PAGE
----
My research changes the way we think about how the environment – formal institutions, informal institutions, and industry contexts – influences entrepreneurship. I am at the cutting edge in situating ventures within environments and showing how interactions between environments and entrepreneurs matter. I am among the first to argue and show that policies that foster high-growth entrepreneurship are different than those that spawn small businesses. If policy leaders wish to foster technology-based start-ups, then we must consider how institutions operate. My research shows that institutional changes can significantly influence the types of firms that are created, who creates them, and how they perform. My research challenges widely accepted ideas by highlighting taken-for-granted notions that are incomplete or misleading. My studies call into question the assumption that institutions that make it easier to start firms are unambiguously beneficial. My theoretical contributions include introducing such concepts as institutional barriers to growth, skill adequacy and context relevance. I lead the way in broadening our conception of entrepreneurship beyond the developed North American economies. I have contributed methodologically by (A) showing how to measure talent, (B) collecting data internationally, (C) using randomized field experiments, and (D) analyzing multi-industry databases with state-of-the-art statistics (instrumental variables, differences-in-differences). I have been a pioneer in overcoming the challenges of inferring causality by finding changes that altered the landscape for entrepreneurship, along with collecting novel data in international settings. I have been fortunate to see an impact of my scholarship, including over 4,599 Google Scholar citations. I plan to do more studies in developing economies, especially incorporating randomized field experiments, particularly with refugees and migrant populations. I was honored to receive the Schulze Distinguished Professorship Award, the goal of which is to "award funding to the country’s most accomplished entrepreneurship scholars who are infusing into their teaching the results of the original and meaningful research they are conducting.”


2023-24 Courses

Stanford Advisees

All Publications

  • Companies inadvertently fund online misinformation despite consumer backlash. Nature Ahmad, W., Sen, A., Eesley, C., Brynjolfsson, E. 2024; 630 (8015): 123-131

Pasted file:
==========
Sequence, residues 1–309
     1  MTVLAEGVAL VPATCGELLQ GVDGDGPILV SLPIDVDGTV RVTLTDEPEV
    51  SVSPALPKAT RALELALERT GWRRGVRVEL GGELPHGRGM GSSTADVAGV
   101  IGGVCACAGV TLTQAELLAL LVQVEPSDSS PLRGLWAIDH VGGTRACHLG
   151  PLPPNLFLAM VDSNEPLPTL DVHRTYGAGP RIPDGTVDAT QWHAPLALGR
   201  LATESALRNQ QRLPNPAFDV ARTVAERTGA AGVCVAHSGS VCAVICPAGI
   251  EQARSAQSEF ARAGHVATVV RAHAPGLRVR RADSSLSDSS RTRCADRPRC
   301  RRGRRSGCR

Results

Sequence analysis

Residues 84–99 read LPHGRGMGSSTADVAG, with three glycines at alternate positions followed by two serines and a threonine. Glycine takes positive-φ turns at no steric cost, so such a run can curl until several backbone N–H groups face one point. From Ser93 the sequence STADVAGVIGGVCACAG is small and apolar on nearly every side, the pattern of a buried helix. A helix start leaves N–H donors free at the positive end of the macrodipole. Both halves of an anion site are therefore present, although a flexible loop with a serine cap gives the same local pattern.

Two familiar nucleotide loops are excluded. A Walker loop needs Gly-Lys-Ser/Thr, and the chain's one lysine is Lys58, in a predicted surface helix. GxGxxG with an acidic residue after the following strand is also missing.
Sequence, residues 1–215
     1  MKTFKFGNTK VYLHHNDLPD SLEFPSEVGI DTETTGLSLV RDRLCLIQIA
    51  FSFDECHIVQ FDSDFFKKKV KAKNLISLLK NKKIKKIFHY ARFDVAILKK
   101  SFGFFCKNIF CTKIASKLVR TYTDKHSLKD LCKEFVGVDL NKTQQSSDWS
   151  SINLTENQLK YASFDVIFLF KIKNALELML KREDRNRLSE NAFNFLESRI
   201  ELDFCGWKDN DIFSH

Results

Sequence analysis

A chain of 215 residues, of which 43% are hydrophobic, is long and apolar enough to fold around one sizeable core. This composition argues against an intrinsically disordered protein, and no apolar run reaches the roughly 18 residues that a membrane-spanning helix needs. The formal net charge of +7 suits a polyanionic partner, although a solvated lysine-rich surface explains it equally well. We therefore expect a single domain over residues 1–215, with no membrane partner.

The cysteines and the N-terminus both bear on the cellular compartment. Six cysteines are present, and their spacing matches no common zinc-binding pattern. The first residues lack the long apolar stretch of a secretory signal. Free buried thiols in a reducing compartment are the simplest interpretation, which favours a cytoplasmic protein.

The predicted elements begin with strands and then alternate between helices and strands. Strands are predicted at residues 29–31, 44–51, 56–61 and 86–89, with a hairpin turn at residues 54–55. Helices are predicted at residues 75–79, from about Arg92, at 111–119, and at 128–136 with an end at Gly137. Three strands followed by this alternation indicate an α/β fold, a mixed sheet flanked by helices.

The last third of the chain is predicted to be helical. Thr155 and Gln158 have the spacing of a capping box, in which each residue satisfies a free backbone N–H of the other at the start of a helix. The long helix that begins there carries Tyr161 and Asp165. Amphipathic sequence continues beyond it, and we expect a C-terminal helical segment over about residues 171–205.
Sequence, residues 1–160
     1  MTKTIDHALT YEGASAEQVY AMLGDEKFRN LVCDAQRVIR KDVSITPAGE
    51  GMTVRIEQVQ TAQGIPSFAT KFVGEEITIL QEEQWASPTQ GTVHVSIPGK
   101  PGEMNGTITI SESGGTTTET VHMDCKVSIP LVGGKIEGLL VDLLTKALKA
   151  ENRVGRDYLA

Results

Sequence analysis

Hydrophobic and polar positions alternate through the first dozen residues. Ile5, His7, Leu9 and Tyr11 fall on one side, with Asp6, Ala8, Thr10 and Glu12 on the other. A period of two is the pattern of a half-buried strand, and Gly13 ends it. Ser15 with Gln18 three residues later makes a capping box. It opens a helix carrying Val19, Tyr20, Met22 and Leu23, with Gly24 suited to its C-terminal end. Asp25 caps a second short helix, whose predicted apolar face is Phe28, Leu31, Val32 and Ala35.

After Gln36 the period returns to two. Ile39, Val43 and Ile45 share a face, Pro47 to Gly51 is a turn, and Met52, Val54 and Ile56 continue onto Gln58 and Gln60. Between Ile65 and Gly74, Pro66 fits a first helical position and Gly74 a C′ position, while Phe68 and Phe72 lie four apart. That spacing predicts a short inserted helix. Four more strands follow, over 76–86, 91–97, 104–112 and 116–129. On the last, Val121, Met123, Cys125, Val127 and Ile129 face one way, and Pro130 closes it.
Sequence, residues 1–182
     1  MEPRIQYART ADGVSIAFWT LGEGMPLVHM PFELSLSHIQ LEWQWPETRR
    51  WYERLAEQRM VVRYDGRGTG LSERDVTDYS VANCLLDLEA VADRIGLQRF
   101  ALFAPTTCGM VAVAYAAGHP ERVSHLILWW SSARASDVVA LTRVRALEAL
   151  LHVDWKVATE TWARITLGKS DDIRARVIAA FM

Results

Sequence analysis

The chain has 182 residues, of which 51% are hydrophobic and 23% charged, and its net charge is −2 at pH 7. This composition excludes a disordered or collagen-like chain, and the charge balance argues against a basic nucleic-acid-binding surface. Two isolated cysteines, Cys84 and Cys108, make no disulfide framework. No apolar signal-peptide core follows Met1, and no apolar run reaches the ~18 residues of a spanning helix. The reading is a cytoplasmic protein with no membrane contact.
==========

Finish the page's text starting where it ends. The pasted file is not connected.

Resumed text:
The financial motivation to earn advertising revenue has been widely conjectured to be pivotal for the production of online misinformation1-4. Research aimed at mitigating misinformation has so far focused on interventions at the user level5-8, with little emphasis on how the supply of misinformation can itself be countered. Here we show how online misinformation is largely financed by advertising, examine how financing misinformation affects the companies involved, and outline interventions for reducing the financing of misinformation. First, we find that advertising on websites that publish misinformation is pervasive for companies across several industries and is amplified by digital advertising platforms that algorithmically distribute advertising across the web. Using an information-provision experiment9, we find that companies that advertise on websites that publish misinformation can face substantial backlash from their consumers. To examine why misinformation continues to be monetized despite the potential backlash for the advertisers involved, we survey decision-makers at companies. We find that most decision-makers are unaware that their companies' advertising appears on misinformation websites but have a strong preference to avoid doing so. Moreover, those who are unaware and uncertain about their company's role in financing misinformation increase their demand for a platform-based solution to reduce monetizing misinformation when informed about how platforms amplify advertising placement on misinformation websites. We identify low-cost, scalable information-based interventions to reduce the financial incentive to misinform and counter the supply of misinformation online.